Although knowledge about asymptomatic infection has developed greatly, there is no strategy to deal with the epidemic. It is now clear that testing only with symptoms, as was common in epidemics, is a mistake because it ignores the invisible legends of infected people who have no symptoms. But this is not enough to simply increase the number of tests. The problem is that current testing practices are ill equipped to detect and contain asymptomatic infections.

Virtually all polymerase chain reactions (PCRs) of coronovirus testing conducted in the US look for the genetic material of the virus. This requires expensive equipment and trained technicians. Results are usually returned after testing – sometimes on weekdays. This means that people are aware that they have been infected with SARS-CoV-2, as long as they can pass the virus on to others. Testing becomes more about accounting – reducing the number of infections detected, compared to the spread of the virus.

What is needed is a spindle for a different type of test. Antigen tests, which look for a bit of coronovirus protein, each cost a few dollars and can get results in minutes. Like home pregnancy tests, they require minimal instructions. Antigen tests are ideal for identifying those who are infectious, rather than those who may live longer than the infectious phase of Kovid-19, or who bother such low levels of the virus that they infect others Are unlikely to.

Cheap rapid home tests will help infected people isolate themselves before spreading the virus. Continuous testing – at least several times per week – is required, as demonstrated by successful testing efforts at some universities, which have enabled students to return to campus. A new focus on self-help, in combination with financial assistance and perhaps temporary housing for isolation, will directly address the problem of asymptomatic infection.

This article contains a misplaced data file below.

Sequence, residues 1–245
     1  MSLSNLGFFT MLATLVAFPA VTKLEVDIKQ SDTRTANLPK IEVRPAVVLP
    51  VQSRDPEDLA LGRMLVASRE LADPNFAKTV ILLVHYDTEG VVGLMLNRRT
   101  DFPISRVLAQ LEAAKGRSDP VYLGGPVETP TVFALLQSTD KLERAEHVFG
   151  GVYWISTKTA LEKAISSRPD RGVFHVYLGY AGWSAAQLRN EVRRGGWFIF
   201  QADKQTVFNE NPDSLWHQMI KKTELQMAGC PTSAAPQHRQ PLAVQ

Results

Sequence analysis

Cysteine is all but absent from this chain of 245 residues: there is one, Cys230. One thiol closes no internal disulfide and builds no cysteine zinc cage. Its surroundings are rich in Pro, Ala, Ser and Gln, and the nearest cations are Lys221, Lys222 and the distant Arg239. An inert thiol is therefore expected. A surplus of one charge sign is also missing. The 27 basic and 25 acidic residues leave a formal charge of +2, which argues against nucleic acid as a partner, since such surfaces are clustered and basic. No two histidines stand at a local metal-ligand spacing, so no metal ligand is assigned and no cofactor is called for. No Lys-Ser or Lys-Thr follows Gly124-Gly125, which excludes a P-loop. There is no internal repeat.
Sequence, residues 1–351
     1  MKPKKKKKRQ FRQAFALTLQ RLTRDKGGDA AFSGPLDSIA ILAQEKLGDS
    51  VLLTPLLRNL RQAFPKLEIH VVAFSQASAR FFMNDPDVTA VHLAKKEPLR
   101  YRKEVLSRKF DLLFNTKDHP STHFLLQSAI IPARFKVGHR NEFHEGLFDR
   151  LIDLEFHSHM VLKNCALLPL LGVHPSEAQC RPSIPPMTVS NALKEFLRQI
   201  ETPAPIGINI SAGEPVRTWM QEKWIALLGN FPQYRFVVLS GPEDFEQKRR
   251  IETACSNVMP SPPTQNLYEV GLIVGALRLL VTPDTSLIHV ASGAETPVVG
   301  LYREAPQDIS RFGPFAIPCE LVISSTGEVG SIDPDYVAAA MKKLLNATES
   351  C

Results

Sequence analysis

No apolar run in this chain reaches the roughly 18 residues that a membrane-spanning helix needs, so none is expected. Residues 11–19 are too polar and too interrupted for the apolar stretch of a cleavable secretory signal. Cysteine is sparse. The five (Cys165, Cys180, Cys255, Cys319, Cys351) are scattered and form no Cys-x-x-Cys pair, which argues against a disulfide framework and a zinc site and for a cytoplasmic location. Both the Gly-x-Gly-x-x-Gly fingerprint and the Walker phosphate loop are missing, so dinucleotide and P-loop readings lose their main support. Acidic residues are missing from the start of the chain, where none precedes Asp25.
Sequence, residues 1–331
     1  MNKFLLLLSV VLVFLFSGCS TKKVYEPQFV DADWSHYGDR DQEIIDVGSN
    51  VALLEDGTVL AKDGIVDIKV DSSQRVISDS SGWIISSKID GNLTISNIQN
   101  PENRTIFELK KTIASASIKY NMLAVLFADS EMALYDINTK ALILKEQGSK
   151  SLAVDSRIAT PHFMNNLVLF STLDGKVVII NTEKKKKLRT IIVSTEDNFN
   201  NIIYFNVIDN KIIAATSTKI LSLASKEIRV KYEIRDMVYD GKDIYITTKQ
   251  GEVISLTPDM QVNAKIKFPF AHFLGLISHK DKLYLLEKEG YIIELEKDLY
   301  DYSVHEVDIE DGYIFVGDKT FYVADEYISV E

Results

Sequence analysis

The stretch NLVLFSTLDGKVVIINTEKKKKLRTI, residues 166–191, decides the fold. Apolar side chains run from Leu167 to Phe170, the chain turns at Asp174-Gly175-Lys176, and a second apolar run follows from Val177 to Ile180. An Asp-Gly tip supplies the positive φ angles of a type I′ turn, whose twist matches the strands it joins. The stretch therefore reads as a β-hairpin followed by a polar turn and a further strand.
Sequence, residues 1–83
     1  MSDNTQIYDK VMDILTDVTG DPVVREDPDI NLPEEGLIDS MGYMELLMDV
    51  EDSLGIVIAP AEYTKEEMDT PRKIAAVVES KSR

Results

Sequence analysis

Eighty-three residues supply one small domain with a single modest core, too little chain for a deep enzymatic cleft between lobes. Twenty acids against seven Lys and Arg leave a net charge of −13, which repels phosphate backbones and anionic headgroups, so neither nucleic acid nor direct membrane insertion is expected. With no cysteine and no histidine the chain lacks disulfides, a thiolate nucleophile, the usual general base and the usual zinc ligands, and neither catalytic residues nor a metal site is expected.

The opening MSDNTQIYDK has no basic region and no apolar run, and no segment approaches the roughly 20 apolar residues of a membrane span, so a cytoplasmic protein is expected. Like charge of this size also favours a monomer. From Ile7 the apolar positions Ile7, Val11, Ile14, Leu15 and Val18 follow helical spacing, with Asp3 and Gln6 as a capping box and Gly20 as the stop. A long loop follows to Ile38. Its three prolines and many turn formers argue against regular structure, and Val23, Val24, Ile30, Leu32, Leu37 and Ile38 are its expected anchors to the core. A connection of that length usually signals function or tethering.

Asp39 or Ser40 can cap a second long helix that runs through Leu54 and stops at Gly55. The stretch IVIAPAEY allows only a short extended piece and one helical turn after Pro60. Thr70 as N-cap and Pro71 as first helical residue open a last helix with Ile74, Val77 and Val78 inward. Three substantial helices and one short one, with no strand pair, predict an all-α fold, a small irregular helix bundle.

The rollout of Kovid-19 vaccines threatens a new wave of asymptomatic infections. Two vaccines authorized by the Food and Drug Administration have been proven to prevent the disease, but not asymptomatic infections. Even after vaccination, the coronovirus can reside temporarily in the lining of the respiratory tract, making it possible to infect others. Preliminary results from a vaccine trial seem encouraging, with a two-thirds reduction in asymptomatic infection after the first dose. But many other studies are underway.

There is no time machine that allows us to return until January 24, 2020, and plans that we should have made that acknowledge the importance of the asymmetric transition. But it is not too late to spot the blame and move aggressively toward testing practices that will help end the epidemic.

Daniel P. Oran is a member of the Digital Medicine Group at the Scripps Research Translational Institute, of which Eric J. Topol is the founder and director.